The CELESTA project is a university project whose educative objective is to involve as many students as possible in all aspects of a 1U CubeSat project development and operation (engineering, product assurance, management and sustainability). The second objective is scientific, it consists in monitoring the Low Earth Orbit (LEO) environment and performing in-orbit testing of the 1U CubeSat platform developed by the University of Montpellier. The satellite payload is a module including a radiation monitor, or RadMon, and a Single Event Latch-up (SEL) experiment, both developed by CERN through several PhD programs.
Beyond the educational objective, the project has also two scientific objectives: one is to develop and test in space a version of CERN’s radiation monitor (RadMon) coupled with the mentioned latch-up experiment; the second is to show that the space radiation environment of Low Earth Orbit can be reproduced in CERN’s high energy accelerator mixed field facility (CHARM). This would open the use for space system qualification activities at CHARM, and provide a radiation monitor module for future missions.
The team is a group of students, working under the lead of teachers and Engineers at the University of Montpellier. The students are both undergraduate and graduate (Master, Doctorate or Post-doctoral) working in the frame of mandatory internships or part time student jobs. A satellite project requires a great variety of skills which is achieved by taking ok students from Mechanical Engineering, Electrical Engineering, Space Systems engineering and computer sciences, but also some students from Humanities. Students are advised by experienced staff. Systems aspects are supervised by Mr Xavier LAURAND while Project management and Product Assurance are managed by Dr. Muriel BERNARD. Both are senior engineers with experience in the aerospace industry. The endorsing professor is an expert in Radiation effects on EEE parts.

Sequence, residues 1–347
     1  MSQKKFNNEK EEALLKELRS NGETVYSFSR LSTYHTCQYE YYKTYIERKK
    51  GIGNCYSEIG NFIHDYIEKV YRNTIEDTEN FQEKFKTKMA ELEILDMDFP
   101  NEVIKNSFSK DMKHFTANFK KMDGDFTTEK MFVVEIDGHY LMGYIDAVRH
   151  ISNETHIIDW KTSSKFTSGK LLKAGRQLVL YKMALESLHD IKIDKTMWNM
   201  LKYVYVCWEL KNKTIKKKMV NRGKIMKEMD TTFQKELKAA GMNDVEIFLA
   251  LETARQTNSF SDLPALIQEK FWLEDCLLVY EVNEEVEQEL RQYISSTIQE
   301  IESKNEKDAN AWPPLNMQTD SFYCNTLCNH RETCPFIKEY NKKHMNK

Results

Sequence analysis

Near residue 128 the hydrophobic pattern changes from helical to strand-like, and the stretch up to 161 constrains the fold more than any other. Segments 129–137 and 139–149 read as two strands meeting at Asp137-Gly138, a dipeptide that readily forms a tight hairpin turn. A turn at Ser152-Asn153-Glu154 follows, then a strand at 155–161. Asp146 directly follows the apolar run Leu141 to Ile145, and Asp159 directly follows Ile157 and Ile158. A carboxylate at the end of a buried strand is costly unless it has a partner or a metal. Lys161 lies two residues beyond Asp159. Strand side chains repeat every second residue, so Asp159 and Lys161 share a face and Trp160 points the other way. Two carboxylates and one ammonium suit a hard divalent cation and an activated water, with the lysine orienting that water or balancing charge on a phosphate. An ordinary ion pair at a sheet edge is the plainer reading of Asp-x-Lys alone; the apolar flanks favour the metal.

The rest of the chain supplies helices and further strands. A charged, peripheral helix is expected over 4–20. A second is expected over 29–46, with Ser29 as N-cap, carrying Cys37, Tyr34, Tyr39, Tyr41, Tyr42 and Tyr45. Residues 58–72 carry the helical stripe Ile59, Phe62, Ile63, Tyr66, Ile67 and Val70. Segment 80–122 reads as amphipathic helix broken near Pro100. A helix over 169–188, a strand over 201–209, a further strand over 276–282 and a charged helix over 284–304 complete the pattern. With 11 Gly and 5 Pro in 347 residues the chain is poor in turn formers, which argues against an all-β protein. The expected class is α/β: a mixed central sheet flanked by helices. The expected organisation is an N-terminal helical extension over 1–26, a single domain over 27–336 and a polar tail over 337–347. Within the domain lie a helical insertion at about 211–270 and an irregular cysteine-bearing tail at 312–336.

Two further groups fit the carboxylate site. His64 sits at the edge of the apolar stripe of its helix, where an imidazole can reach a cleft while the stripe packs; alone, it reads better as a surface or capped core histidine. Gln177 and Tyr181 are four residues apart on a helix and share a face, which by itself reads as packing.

CubeSat quick facts
|Payload||The payload proposes a two-fold test setup combining a radiation monitoring unit and a latch-up test station. While the former is based on CERN’s RadMon used in challenging mixed field radiation environments in high-energy accelerators, the latter will focus on latch-up measurements in memory components of particular interest for accelerator applications, but also involving applications in areas such as ground (avionics, railway and automobile) as well as space industries.|
|Ground station||Montpellier, France. The identifier of the radioham Ground Station is F4KJX.|
|Dimensions||Stowed <100mm, 100mm, 113.5mm>|
|Mass||931 g (TBC)|
|Power consumption||1.8 Wh per orbit, up to 5W peak power|
|Solar panels||6 solar panels in parallel, 2 solar cells in series per panel|
|Mission lifetime||3 to 4 months|